Friday, February 1, 2013

Polycystic Ovary Illness

Polycystic Ovary Problem, or PCOS, is a metabolic problem that impacts the women reproductive system. The key features include infrequent monthly periods, obesity, sterility, pimples and hair regrowth on the face, chest area, and back (hirsutism) and ovarian growths. 

Polycystic means "many growths and the sex gland in females with PCOS are usually large and full of growths, although they may not have signs. About 6% to 10% of females have PCOS. To be clinically identified as having PCOS, a lady must have at least one of the scientific signs described above. Many females with PCOS are blood insulin proof and obese or obese and some may have Type two diabetic issues.

Women who have PCOS have a hormone discrepancy. Their sex gland and adrenals generate more androgens, particularly testerone, and often less estrogen and progesterone than regular. This discrepancy causes many of the signs. Growths create in the hair roots where the ovary generates egg. As many as a number of abnormal growths may happen at once and gradually may damage the string. This is the cause of the sterility.

It is generally considered that PCOS has a inherited element that is affected by ecological aspects such as work out and dieting. It is not clear whether PCOS causes being overweight causes PCOS. Obesity improves the blood insulin level of resistance that often happens with PCOS. Some women see their symptoms vanish with losing weight, physical fitness and an eating plan plan lower in fat and carbohydrate food.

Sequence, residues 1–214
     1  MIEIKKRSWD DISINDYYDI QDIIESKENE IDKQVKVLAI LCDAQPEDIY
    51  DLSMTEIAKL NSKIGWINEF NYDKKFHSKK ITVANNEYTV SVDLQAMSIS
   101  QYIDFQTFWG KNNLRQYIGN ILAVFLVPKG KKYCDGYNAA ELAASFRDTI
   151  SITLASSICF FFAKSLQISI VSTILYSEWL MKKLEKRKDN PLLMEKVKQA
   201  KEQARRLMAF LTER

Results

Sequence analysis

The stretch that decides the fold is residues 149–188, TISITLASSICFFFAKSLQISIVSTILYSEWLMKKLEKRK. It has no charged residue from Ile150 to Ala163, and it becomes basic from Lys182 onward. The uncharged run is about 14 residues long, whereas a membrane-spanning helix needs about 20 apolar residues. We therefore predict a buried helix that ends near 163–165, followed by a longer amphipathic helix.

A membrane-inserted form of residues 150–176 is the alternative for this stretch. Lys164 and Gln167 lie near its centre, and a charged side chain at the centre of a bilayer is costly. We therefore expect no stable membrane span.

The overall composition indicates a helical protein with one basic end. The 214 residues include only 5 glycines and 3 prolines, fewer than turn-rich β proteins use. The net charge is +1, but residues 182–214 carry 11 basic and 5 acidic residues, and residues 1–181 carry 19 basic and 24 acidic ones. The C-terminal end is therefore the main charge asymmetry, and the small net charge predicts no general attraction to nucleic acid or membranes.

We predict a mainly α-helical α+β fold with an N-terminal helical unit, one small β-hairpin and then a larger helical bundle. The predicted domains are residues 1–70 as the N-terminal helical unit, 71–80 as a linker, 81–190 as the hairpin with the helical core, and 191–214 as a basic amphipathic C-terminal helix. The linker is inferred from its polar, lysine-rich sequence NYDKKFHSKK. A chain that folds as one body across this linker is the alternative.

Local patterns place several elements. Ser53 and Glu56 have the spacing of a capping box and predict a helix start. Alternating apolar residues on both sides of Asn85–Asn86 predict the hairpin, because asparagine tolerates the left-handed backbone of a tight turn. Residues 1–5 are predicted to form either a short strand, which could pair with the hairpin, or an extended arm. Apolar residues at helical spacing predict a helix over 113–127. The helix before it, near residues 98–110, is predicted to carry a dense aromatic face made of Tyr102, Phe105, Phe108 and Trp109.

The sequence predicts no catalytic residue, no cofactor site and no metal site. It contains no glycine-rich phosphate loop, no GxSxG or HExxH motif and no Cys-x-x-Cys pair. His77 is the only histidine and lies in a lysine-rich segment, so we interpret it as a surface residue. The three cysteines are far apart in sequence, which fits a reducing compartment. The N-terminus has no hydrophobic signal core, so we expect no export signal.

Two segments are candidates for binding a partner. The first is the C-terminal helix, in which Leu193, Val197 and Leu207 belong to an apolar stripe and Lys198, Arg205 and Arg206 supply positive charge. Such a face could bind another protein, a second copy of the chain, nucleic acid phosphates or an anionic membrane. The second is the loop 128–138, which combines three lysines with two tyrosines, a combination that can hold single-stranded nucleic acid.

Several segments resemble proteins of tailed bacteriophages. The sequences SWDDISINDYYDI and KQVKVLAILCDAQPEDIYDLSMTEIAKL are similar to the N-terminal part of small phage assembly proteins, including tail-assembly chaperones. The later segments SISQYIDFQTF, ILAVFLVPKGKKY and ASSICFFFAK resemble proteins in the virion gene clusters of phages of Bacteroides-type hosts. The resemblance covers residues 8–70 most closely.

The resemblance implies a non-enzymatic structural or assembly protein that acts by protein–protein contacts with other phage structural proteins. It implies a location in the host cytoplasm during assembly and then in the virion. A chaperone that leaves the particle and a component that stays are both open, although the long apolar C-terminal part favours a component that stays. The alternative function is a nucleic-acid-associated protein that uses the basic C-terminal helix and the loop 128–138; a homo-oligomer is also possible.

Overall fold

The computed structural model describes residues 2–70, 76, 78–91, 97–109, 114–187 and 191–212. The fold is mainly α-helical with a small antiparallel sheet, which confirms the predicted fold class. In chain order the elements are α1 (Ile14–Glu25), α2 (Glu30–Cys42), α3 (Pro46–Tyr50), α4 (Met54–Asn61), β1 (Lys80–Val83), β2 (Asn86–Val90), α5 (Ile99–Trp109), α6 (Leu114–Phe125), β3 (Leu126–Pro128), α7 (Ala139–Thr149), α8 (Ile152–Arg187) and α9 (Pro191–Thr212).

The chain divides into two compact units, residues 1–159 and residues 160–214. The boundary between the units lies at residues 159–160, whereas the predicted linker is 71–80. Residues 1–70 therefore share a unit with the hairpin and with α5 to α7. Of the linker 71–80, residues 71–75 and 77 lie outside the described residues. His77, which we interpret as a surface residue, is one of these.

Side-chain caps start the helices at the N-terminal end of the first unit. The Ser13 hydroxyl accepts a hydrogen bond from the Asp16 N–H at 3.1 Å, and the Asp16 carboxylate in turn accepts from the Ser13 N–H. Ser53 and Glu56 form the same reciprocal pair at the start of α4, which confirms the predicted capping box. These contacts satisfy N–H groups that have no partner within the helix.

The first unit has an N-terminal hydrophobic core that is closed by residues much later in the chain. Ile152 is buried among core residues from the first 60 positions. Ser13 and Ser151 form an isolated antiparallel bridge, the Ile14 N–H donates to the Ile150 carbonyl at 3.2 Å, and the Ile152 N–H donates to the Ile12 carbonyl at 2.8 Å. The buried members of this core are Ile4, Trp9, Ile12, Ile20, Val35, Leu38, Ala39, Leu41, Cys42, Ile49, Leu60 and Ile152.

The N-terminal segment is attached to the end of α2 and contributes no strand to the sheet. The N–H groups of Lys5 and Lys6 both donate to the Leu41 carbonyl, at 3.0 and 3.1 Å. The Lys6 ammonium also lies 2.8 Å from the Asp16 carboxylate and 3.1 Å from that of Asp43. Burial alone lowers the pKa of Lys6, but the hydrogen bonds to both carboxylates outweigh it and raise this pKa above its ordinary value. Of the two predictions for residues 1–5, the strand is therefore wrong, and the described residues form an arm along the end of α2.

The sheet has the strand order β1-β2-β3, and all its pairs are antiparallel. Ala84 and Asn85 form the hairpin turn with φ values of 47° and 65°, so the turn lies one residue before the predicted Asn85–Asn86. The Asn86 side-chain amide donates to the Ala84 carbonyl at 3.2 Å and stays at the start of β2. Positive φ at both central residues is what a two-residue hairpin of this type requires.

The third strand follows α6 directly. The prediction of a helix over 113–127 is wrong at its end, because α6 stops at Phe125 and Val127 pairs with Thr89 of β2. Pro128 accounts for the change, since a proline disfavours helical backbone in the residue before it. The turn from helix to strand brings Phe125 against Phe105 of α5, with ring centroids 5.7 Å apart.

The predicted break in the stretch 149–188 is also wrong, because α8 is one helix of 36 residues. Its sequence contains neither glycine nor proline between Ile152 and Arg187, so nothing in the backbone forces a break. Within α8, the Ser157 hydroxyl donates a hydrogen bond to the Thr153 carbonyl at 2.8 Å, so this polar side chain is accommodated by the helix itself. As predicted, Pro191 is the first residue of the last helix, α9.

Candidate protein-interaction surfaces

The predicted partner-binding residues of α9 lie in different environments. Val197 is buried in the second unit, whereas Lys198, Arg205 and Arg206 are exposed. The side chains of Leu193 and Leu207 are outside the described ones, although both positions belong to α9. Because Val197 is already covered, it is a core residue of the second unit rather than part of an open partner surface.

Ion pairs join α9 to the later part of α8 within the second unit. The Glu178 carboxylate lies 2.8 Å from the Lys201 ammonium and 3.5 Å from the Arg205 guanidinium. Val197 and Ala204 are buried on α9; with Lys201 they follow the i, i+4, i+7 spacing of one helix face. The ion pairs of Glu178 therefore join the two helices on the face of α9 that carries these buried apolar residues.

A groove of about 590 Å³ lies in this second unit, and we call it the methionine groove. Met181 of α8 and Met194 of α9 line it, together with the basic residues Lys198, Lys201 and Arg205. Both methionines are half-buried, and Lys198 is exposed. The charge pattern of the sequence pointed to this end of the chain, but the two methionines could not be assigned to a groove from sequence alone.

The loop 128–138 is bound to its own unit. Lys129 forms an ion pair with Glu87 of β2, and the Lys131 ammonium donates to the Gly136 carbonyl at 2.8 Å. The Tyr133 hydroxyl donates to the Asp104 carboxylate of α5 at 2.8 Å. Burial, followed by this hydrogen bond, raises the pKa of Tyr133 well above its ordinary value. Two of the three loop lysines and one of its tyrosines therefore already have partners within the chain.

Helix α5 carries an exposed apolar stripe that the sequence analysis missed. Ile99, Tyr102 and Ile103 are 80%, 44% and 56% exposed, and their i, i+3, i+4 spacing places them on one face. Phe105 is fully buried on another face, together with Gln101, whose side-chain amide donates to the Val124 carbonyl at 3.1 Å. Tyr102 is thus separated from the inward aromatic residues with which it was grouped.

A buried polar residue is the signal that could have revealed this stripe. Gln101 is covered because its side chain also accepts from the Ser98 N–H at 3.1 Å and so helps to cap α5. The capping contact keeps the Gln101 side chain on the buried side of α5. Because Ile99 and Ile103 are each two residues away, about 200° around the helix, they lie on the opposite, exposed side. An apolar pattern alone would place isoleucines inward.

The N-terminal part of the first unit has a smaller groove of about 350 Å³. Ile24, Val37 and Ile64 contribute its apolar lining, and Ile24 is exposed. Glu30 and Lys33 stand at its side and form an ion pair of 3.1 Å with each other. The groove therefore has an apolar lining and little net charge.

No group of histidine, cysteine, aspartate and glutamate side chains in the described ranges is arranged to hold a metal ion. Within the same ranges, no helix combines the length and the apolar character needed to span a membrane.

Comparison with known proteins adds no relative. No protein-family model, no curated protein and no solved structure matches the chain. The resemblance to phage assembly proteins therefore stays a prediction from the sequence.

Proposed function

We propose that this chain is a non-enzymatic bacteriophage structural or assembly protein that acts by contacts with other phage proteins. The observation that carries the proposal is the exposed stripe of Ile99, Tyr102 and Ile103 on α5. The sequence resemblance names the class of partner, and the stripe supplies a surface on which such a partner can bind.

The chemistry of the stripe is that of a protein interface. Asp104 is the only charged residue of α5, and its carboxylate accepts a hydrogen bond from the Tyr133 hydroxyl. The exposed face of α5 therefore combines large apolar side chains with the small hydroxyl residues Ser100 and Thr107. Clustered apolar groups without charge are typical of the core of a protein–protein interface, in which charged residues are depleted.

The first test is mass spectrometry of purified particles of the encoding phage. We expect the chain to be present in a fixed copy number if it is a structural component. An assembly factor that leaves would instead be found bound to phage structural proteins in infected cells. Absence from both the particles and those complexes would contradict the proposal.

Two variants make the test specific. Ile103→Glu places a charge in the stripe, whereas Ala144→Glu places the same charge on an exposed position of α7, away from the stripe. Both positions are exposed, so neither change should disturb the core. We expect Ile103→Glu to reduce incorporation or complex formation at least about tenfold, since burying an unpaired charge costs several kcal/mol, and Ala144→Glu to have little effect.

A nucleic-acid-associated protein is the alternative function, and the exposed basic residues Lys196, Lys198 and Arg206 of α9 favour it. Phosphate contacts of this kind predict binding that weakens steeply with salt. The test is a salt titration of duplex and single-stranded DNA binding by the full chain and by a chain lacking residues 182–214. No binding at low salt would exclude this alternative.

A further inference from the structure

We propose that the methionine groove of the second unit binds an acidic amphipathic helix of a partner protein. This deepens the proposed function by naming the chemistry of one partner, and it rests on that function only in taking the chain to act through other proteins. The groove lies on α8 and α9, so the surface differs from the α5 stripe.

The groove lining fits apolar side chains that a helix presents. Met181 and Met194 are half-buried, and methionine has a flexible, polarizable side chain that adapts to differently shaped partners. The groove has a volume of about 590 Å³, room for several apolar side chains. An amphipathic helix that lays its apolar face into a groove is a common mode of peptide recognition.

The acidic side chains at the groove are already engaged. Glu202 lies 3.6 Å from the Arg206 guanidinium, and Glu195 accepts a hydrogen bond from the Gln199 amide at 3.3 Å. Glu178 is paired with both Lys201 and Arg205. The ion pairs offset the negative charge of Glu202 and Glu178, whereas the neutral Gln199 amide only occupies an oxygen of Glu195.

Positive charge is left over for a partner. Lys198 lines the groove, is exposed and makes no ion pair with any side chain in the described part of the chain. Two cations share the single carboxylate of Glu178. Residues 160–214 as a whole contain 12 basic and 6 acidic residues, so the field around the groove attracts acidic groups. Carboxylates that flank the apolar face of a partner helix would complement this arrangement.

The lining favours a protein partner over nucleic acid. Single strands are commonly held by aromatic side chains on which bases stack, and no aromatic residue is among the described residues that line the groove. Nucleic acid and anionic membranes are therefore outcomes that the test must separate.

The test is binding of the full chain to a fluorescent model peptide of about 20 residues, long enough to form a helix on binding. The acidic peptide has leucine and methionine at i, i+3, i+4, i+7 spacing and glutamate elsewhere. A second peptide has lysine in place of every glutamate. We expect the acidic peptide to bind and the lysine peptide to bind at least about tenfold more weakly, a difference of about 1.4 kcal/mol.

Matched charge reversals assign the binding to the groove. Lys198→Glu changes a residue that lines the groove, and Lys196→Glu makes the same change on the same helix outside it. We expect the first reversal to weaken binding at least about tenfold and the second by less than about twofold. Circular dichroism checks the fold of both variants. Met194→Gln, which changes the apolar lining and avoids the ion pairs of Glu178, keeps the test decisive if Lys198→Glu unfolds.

A person with PCOS often has other signs of Syndrome X which are insulin resistance, Type 2 diabetes, high blood pressure, and high cholesterol levels, especially high LDL and triglycerides, and heart disease. Insulin resistance may be at the center of PCOS. High levels of insulin in the blood stream stimulate the ovaries to increase androgen production.

Many of the symptoms of PCOS respond to weight loss probably because it improves insulin sensitivity which reduces insulin's interference with normal sex hormone production and action. This can be effectively combined with hormones, insulin sensitizing medications such as metformin or Avandia and Actos, and sometimes androgen-blocking drugs. The particular combination used depends on the severity of symptoms and how well the person tolerates the medications' effects.